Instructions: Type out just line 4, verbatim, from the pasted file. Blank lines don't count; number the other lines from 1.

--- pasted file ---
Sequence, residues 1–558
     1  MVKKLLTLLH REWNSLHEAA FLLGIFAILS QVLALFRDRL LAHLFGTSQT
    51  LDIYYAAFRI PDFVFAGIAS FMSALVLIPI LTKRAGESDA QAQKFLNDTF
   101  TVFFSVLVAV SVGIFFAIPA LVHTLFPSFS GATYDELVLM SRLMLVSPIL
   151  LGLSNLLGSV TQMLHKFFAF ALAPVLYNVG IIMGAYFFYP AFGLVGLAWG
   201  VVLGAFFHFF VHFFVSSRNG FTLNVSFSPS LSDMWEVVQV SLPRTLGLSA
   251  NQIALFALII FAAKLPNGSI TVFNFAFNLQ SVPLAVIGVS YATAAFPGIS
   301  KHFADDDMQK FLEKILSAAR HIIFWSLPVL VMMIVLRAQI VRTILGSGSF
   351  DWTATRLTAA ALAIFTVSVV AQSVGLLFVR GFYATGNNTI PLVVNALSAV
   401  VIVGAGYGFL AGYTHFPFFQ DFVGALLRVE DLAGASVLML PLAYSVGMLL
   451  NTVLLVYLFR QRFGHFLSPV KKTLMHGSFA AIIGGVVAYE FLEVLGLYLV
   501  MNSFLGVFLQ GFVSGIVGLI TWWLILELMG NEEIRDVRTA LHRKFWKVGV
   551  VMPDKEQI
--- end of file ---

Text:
   101  TVFFSVLVAV SVGIFFAIPA LVHTLFPSFS GATYDELVLM SRLMLVSPIL